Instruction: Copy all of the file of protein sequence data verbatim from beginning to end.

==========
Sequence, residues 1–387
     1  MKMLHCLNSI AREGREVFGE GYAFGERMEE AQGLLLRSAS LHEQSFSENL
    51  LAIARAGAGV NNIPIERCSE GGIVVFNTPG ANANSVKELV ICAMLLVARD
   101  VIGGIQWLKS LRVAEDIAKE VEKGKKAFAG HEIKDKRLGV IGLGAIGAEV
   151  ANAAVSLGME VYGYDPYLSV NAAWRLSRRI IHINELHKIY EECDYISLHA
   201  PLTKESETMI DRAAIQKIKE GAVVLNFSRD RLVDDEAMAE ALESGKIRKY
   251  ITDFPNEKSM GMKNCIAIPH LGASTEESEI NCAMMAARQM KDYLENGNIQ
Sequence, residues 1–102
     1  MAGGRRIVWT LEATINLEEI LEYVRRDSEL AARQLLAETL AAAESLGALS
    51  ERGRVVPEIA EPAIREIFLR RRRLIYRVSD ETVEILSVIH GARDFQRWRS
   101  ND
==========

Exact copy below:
Sequence, residues 1–387
     1  MKMLHCLNSI AREGREVFGE GYAFGERMEE AQGLLLRSAS LHEQSFSENL
    51  LAIARAGAGV NNIPIERCSE GGIVVFNTPG ANANSVKELV ICAMLLVARD
   101  VIGGIQWLKS LRVAEDIAKE VEKGKKAFAG HEIKDKRLGV IGLGAIGAEV
   151  ANAAVSLGME VYGYDPYLSV NAAWRLSRRI IHINELHKIY EECDYISLHA
   201  PLTKESETMI DRAAIQKIKE GAVVLNFSRD RLVDDEAMAE ALESGKIRKY
   251  ITDFPNEKSM GMKNCIAIPH LGASTEESEI NCAMMAARQM KDYLENGNIQ
Sequence, residues 1–102
     1  MAGGRRIVWT LEATINLEEI LEYVRRDSEL AARQLLAETL AAAESLGALS
    51  ERGRVVPEIA EPAIREIFLR RRRLIYRVSD ETVEILSVIH GARDFQRWRS
   101  ND